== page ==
During that time, enrolled members of the Osage Indian nation were among the wealthiest people per capita in the world. The rich oil fields beneath their reservation brought millions of dollars into the tribe annually, distributed to tribal members holding "headrights" that could not be bought or sold but only inherited. This vast wealth attracted the attention of unscrupulous whites who found ways to divert it to themselves by marrying Osage women or by having Osage declared legally incompetent so the whites could fleece them through the administration of their estates. For some, however, these deceptive tactics were not enough, and a plague of violent death—by shooting, poison, orchestrated automobile accident, and bombing—began to decimate the Osage in what they came to call the "Reign of Terror." Corrupt and incompetent law enforcement and judicial systems ensured that the perpetrators were never found or punished until the young J. Edgar Hoover saw cracking these cases as a means of burnishing the reputation of the newly professionalized FBI. Bestselling New Yorker staff writer Grann (The Devil and Sherlock Holmes: Tales of Murder, Madness, and Obsession, 2010, etc.) follows Special Agent Tom White and his assistants as they track the killers of one extended Osage family through a closed local culture of greed, bigotry, and lies in pursuit of protection for the survivors and justice for the dead. But he doesn't stop there; relying almost entirely on primary and unpublished sources, the author goes on to expose a web of conspiracy and corruption that extended far wider than even the FBI ever suspected. This page-turner surges forward with the pacing of a true-crime thriller, elevated by Grann's crisp and evocative prose and enhanced by dozens of period photographs.

Dogged original research and superb narrative skills come together in this gripping account of pitiless evil.

Pub Date: April 18, 2017

ISBN: 978-0-385-53424-6

Page Count: 352

Publisher: Doubleday

Review Posted Online: Feb. 1, 2017

Kirkus Reviews Issue: Feb. 15, 2017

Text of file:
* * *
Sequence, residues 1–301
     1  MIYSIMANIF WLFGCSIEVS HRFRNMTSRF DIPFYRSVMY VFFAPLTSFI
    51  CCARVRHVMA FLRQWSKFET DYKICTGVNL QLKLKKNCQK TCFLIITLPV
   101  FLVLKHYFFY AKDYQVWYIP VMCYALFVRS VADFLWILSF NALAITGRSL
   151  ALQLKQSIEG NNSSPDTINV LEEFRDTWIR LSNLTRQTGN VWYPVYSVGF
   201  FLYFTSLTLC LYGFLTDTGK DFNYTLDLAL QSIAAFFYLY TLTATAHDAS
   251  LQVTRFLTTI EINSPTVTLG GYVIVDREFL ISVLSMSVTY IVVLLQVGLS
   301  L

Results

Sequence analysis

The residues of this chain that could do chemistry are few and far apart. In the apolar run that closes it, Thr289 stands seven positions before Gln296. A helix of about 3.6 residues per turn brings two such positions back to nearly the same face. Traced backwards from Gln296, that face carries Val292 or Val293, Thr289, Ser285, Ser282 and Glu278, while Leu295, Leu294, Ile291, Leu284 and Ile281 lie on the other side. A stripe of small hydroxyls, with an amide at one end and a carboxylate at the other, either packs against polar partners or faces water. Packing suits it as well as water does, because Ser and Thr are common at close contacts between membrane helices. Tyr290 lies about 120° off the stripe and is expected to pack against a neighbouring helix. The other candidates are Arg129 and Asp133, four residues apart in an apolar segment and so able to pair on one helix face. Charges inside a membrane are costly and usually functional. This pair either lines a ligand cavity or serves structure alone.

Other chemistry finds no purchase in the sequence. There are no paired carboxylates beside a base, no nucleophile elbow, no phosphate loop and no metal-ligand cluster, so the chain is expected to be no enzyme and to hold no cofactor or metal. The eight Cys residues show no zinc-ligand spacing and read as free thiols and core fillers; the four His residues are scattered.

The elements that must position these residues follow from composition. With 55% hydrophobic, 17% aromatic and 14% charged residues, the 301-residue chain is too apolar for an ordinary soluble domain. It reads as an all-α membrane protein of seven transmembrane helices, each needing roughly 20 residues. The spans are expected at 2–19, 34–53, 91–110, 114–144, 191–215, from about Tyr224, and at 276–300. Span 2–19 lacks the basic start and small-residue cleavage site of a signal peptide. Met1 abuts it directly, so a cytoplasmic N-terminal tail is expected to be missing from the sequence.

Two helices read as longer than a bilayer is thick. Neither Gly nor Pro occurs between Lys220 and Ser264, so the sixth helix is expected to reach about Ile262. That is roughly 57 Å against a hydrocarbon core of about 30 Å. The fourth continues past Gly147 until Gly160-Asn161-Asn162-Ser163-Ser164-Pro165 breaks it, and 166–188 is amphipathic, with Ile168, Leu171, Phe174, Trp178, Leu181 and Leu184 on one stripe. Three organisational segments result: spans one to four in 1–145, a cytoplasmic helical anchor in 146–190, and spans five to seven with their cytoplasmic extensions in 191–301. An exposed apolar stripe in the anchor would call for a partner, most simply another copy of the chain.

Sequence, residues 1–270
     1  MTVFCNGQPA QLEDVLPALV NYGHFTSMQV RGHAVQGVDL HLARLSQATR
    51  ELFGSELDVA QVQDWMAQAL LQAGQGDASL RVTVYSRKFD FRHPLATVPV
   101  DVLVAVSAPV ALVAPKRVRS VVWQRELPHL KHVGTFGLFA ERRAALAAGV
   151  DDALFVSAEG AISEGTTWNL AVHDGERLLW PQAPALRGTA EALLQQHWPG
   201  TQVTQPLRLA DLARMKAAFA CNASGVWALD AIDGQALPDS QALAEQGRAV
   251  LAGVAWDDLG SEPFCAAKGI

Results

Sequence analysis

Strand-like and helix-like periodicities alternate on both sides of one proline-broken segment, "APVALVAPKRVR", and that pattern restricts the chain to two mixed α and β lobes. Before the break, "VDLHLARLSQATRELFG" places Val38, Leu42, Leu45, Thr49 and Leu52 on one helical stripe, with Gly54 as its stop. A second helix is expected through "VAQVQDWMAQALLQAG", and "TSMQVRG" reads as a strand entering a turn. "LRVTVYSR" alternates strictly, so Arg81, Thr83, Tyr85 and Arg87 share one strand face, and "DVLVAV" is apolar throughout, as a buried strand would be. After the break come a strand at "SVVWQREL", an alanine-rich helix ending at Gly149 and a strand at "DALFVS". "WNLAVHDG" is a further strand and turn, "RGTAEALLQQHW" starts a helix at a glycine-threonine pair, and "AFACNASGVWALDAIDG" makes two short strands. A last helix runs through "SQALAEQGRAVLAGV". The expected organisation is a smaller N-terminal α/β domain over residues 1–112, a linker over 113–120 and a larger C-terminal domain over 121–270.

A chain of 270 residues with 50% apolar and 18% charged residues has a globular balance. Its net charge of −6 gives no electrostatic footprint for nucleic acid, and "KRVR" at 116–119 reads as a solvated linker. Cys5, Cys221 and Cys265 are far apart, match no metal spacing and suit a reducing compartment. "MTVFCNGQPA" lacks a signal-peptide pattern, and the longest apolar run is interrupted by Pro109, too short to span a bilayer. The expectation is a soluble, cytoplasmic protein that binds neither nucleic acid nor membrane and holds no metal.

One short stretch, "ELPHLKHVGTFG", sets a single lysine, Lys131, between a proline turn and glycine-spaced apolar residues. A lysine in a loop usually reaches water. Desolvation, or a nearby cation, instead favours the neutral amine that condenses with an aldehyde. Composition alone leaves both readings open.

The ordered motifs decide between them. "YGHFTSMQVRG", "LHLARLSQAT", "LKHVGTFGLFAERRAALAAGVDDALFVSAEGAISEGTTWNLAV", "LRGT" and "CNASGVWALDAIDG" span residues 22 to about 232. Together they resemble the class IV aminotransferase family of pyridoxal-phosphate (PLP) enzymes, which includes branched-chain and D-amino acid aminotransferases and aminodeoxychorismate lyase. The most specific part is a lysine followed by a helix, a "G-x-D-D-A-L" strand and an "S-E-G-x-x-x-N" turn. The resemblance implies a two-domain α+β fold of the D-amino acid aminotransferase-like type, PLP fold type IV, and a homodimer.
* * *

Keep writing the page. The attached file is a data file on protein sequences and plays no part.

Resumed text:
NIGHT

The author's youthfulness helps to assure the inevitable comparison with the Anne Frank diary although over and above the...

Elie Wiesel spent his early years in a small Transylvanian town as one of four children. 

He was the only one of the family to survive what Francois Maurois, in his introduction, calls the "human holocaust" of the persecution of the Jews, which began with the restrictions, the singularization of the yellow star, the enclosure within the ghetto, and went on to the mass deportations to the ovens of Auschwitz and Buchenwald. There are unforgettable and horrifying scenes here in this spare and sombre memoir of this experience of the hanging of a child, of his first farewell with his father who leaves him an inheritance of a knife and a spoon, and of his last goodbye at Buchenwald his father's corpse is already cold let alone the long months of survival under unconscionable conditions. 

The author's youthfulness helps to assure the inevitable comparison with the Anne Frank diary although over and above the sphere of suffering shared, and in this case extended to the death march itself, there is no spiritual or emotional legacy here to offset any reader reluctance.

Pub Date: Jan. 16, 2006

ISBN: 0374500010

Page Count: 120

Publisher: Hill & Wang

Review Posted Online: Oct. 7, 2011

Kirkus Reviews Issue: Jan. 15, 2006